Traditions matter, more even than the ships, troops, or equipment. Traditions translate into the wisdom to select and appropriately use the tools our intelligence allows us. We’ve all seen the videos of soldiers giving a chimp an AK-47
, then fleeing in terror as it proceeds to bang off rounds willy-nilly. Technology is a force multiplier for tradition and manpower, not a magic wand The chimp would never have killed them, but their own panic (not to mention poor choices) certainly increased their danger.
In Wargaming and game design, I rarely see military traditions considered on the whole, but embedded in unit design. In some cases, this factor is weighed very little. I am certainly open to
Tau Fire Warrior
opinions as this is an observer’s topic, not a fighter’s, but I believe this makes our games worse at teaching the history and factors which led up to the conflicts we study. I will cite Warhammer 40,000’s Tau army as one that seems to reflect a strong tradition, with the “Mont’ka” targeting and disruption via precise commando-style strikes or the “Kauyon” army lists which attempt to trick and funnel their opponents into kill zones of massed fire. I believe this is because of the thinner lore of the Tau, and their introduction as essentially a lore piece in that space-marine-centric system.
Consider this: With the decline in baseball’s popularity and physical sport in general in the States, grenade-throwing competency has been soured
. That’s an essential tool in house-to-house clearing and even many SWAT or police actions! Sure, I’d still expect a US trooper to have competency, but perhaps not the dependability a commander might desire. When traditions are neglected, it is the dependability which drops and thus it affects planners the most by introducing variance to common scenarios.
I propose that instead of army books that go on at length defining units, we introduce command-level resources that can be “bought” just like units from a pool. Say we’re looking at American GIs in a WWII-era wargame. In general they have X stats, but with veteran or elite they come with one or two points that go into a Tradition pool. You buy things out of that pool that apply to the whole army: Close Combat attacks for infantry might receive a benefit, or your infantry might be more practiced at digging in and hunkering down, or night fighting, or at engaging at longer ranges. Perhaps they are armed to the teeth, with soldiers carrying personal weapons and dirty tricks while their commanders look the other way or encourage them further. Not only would this speed up the finicky design and balance testing, but it would also increase the ambiguity of optimum play. It is noteworthy to me how much better static wargames which focus on one battle or campaign represent this unity between an army’s roots and its effectiveness as a unit instead of the natural devolution to “hero” style units and specialized commanders that more or less have superpowers on the tabletop! Still, as a lover of the theoretical and the near-infinite customization of Wargame systems, I muse on the formation of a system in which you can make any battle you can think up happen. I think a set of rules for forming your own factions, special units, and campaigns ought to come standard in the “universal” Wargames, but ah, how I digress!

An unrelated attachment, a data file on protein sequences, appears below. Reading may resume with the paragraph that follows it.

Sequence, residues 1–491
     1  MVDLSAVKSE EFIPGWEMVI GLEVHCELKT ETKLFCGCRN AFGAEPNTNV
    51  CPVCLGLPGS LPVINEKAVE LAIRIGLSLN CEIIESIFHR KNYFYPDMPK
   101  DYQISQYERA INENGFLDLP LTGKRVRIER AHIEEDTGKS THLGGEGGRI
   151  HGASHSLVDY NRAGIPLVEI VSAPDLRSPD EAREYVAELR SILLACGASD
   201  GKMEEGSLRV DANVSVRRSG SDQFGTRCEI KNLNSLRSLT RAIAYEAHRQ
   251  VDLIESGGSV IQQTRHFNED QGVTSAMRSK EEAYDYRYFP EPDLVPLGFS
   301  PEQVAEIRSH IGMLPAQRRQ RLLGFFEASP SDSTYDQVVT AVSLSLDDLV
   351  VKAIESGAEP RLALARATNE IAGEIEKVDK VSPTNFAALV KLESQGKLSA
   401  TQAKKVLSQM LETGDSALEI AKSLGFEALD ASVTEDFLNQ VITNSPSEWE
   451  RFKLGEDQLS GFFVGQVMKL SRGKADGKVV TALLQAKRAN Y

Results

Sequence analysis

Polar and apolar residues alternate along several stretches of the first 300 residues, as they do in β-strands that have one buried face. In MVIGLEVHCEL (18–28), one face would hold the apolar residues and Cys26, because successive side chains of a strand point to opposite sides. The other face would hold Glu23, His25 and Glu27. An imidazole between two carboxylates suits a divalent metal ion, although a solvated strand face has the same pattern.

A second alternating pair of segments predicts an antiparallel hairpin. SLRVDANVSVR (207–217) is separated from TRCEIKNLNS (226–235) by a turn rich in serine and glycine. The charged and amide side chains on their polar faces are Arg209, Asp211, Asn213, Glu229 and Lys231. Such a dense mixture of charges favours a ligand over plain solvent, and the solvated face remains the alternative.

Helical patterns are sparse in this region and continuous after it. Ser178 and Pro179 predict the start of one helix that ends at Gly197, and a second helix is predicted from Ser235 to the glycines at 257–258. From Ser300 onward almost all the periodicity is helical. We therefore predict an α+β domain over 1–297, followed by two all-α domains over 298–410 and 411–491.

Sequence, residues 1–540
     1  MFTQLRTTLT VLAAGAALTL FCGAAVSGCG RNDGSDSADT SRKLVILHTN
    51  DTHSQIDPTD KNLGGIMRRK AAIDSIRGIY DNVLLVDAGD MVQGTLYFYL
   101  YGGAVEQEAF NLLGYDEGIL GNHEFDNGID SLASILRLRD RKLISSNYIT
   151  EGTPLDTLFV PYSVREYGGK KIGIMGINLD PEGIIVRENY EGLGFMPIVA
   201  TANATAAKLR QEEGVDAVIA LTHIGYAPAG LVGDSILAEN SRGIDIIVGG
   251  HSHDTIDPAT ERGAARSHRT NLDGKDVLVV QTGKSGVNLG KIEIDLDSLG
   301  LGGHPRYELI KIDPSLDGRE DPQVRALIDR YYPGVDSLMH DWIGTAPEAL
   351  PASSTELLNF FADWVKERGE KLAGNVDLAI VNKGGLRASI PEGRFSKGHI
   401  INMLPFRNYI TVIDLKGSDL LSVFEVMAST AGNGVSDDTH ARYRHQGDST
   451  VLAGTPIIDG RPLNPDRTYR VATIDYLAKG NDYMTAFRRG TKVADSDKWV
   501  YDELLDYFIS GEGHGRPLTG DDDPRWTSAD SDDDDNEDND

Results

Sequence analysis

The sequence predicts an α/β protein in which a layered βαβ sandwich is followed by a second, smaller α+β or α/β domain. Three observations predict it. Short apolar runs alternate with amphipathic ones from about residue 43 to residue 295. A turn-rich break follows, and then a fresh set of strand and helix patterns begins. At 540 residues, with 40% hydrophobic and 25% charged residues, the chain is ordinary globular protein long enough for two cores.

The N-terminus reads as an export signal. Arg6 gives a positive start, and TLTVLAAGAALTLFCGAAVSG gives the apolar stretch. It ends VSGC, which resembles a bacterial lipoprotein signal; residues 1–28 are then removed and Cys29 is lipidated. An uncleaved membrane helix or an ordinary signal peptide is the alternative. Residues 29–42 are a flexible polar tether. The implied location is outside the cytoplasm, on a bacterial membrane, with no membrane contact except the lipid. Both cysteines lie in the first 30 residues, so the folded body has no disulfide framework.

I’d like to leave you to consider these comments concerning the Chinese navy by Steve Green at Instapundit
, a news roundup I enjoy:
“Building the ships and planes is one thing. Training up the crews and aviators, perfecting doctrine, and instilling institutional knowledge and esprit de corps take longer.”